I’m talking on this new episode of the Society of Architectural Historians of Great Britain, ‘Architecture and Protest’. I’m discussing Chartists’ use of spaces and buildings for protest and political meetings:
Adam Elliott-Cooper is a researcher based at the University of Greenwich, who works on histories of racism and policing in Britain. His first monograph, Black Resistance to British Policing, was published by Manchester University Press in May 2021. He is also co-author of Empire’s Endgame: Racism and the British State (Pluto Press, 2021).
Hannah Awcock is a researcher based at the University of Edinburgh who is interested in the social, cultural, and historical geographies of resistance, publishing on subjects from the 1780 Gordon Riots to climate protests at COP26.
Morgan Trowland is a Civil Engineer and member of the protest group Extinction Rebellion.
Your hosts were Matthew Lloyd Roberts and Dr Jessica Kelly, and this project was devised with Neal Shasore
Images in the exhibition used with permission from: John Rylands University of Manchester; Working Class Movement Library, Salford; Manchester Archives and Local Studies; Once Upon a Time, Manchester Communication Academy; The National Archives, Kew. Thanks especially to Janette Martin of JRLUM.
Where did people
hold political meetings in Manchester and Salford?
sites of protest and political meetings in the 19th century included
Stevenson’s Square, St Peter’s Field, St George’s Fields (off Oldham
Road), and Granby Row Fields (now by the universities). The Chartists
held ‘monster’ meetings on Kersal Moor, Salford. The local authorities
held civic and anti-democracy events on St Ann’s Square and Ardwick Green.
societies before and after the 1819 Peterloo Massacre hired meeting rooms in George
Leigh Street, Ancoats, and Bibby’s mill, New Islington. Later the Chartists
and Socialists had their own buildings, including the Hall of Science
off Deansgate (now near where the Museum of Science and Industry is) and Carpenters’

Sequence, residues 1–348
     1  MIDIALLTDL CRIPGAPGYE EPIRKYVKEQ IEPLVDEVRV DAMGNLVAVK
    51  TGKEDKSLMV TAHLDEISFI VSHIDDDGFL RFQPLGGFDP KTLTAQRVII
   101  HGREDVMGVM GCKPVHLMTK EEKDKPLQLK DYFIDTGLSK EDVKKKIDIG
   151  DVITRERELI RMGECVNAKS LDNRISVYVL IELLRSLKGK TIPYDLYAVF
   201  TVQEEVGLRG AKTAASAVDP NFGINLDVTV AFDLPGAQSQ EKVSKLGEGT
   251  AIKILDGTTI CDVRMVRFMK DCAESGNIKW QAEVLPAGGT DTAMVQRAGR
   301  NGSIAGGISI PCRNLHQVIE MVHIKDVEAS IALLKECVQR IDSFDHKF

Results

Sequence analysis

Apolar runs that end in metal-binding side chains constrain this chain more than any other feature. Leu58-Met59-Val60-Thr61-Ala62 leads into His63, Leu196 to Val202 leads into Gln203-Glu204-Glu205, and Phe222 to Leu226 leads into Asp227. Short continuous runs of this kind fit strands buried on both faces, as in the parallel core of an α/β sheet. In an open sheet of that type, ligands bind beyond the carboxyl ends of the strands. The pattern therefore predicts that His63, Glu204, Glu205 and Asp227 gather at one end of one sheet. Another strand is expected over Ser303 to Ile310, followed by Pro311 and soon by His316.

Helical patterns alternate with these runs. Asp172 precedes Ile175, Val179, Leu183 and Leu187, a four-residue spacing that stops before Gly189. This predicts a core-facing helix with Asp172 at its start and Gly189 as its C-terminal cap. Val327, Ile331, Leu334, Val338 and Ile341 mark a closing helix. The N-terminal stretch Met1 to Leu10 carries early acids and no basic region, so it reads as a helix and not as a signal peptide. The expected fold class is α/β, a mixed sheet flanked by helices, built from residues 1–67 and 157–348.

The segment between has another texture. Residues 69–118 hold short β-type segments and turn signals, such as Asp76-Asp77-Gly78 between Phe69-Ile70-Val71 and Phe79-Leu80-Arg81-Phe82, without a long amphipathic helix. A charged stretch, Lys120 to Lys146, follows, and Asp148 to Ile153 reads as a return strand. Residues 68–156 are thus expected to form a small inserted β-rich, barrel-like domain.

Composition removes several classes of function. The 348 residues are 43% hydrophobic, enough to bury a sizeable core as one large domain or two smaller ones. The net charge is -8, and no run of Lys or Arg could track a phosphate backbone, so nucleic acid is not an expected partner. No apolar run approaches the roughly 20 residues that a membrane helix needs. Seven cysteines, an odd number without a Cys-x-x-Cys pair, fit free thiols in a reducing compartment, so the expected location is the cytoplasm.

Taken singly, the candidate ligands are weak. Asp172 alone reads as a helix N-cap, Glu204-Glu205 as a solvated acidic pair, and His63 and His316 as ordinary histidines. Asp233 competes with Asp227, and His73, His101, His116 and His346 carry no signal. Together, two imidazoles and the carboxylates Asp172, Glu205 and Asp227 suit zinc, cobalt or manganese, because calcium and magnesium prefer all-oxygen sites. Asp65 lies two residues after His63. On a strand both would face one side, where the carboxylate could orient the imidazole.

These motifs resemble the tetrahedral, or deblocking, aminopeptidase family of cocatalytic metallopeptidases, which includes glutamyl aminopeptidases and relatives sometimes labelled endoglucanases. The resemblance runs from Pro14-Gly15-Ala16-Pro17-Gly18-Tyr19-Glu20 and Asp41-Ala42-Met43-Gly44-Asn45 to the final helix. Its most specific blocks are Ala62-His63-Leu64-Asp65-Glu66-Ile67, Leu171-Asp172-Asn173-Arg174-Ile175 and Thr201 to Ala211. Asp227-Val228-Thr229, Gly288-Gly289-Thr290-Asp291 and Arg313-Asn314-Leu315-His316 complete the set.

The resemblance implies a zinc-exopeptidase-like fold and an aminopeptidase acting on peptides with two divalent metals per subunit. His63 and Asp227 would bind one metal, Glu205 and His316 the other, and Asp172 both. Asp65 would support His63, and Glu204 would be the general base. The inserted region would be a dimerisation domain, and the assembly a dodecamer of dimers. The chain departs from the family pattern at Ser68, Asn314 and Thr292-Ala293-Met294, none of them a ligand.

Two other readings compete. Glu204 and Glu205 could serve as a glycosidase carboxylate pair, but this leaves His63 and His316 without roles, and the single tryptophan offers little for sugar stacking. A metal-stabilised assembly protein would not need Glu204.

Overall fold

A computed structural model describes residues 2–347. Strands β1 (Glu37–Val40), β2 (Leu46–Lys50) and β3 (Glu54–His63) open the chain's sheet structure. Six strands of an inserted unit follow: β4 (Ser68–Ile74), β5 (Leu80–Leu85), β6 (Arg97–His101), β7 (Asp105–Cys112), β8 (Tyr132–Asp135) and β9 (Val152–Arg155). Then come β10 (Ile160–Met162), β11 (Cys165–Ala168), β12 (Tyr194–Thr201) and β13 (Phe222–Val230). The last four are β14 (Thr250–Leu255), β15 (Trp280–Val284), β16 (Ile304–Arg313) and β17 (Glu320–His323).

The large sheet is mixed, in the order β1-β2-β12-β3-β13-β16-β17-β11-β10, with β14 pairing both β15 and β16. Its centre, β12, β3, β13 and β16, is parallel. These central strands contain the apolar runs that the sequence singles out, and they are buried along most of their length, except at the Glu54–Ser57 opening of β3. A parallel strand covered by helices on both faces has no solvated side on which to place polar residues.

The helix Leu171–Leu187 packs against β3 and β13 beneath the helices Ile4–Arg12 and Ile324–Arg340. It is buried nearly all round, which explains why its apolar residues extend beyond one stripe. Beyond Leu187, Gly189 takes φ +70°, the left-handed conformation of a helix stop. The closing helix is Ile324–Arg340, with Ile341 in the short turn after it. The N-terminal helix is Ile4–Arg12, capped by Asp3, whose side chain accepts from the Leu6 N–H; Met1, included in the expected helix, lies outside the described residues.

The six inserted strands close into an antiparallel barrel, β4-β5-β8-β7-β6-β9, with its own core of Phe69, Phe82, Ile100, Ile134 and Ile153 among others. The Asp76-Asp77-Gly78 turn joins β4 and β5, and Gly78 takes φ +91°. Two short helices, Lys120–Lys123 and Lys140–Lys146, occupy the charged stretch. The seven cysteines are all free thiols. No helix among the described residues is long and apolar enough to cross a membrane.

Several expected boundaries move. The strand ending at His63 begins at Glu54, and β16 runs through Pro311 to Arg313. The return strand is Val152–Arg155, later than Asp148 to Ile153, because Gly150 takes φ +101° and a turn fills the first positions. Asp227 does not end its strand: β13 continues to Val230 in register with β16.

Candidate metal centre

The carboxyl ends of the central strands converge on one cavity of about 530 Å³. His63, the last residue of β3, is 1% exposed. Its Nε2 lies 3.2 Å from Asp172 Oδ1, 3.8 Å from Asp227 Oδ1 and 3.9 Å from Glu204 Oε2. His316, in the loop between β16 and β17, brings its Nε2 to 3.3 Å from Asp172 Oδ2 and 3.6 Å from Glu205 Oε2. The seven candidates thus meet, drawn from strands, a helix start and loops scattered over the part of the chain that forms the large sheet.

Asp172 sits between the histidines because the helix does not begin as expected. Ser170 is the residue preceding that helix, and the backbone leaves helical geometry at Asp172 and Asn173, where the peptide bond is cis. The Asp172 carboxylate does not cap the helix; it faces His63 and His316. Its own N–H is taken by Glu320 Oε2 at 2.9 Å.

Hall (near the Medlock).
In the later 19th century and 20th century, trade union and female suffrage demonstrations were usually held on Albert Square and Platt Fields.
Who were the
Chartists came after the Peterloo radicals. They were the biggest movement
campaigning for the vote for working-class men in 19th century
Britain. Working people of all genders and ages were involved. They presented
three massive petitions to parliament (a ‘People’s Charter’) in 1839, 1842 and
1848, demanding democracy and reform of the representative system. Though the
petitions were rejected, the movement laid the basis for the modern
parliamentary democracy today.
Manchester Chartists lived at number 69 Cropper Street: Daniel and his brother
Maurice Donovan. They were delegates to the Chartist National Convention in
1842 and 1848. Daniel was president of the powerloom weavers’ union, who led
the ‘plug’ strikes in 1842. He was arrested in 1848 for leading the Manchester
branch of the Irish Confederates, who fought to repeal the Act of Union between
Great Britain and Ireland.
Street and Back Cropper Street were built off Oldham Road in Collyhurst in the
first decade of the 19th century. Cropper Street later became known
as Osborne Street. It was in the Irish Catholic area.
streets remained isolated from the other streets, separated by St George’s
Fields, even in the 1840s. The terraces were cut across by two railway lines.
Generations of radicals and trade unionists lived on these streets – do you
live there now? Let us know!
on the street?
signed the 16 August 1819 petition,
Cut with a
sabre at Peterloo
Cowscroft, aged 23, weaver, 1817 Blanketeer
Signed the 6 August 1819 petition
Bickerstaff, signed the 6 August 1819 petition
age 22, ‘thrown down and trampled on and so much exhausted as to be carried off
the field for dead’ at Peterloo
Pendleton, aged 24, weaver, 1817 Blanketeer
Pendleton, subscribed to Chartist National Rent in 1839
Edward Philips, aged 24 and 19, weavers, 1817 Blanketeers
Edward Philips, arrested in 1812 for taking part in a reform meeting
Maurice Donovan, delegates to the Chartist National Convention 1842 and 1848,
president and secretary of the powerloom weavers’ union during the 1842 Plug
strikes. Daniel was arrested in 1848 as leader of the Irish Confederates.
What was the Round
House chapel on Every Street, off Great Ancoats Street, was built by Reverend
Dr James Scholefield (1790-1855). He was a Peterloo veteran, preacher and
doctor, and follower of William Cowherd, ‘the founder of vegetarianism’. The
chapel opened on the anniversary of Peterloo in 1823. The Working Class
Political Union held their meetings here during the 1831 Reform Bill agitation.
Trade union and Chartist meetings were held here, as well as a radical Sunday
School. A public meeting about the Tolpuddle Martyrs took place there in
Chartists erected a monument to Henry Hunt in the burial ground in 1842. It was
unveiled by Chartist leader Feargus O’Connor on the anniversary of Peterloo.
Hunt’s monument only survived a few decades before it fell down.
to 1963, the old chapel was used by Manchester University for their Settlement,
where students lived and volunteered among the working classes. The Round House
was demolished in 1986. The foundations and gravestones still exist – go and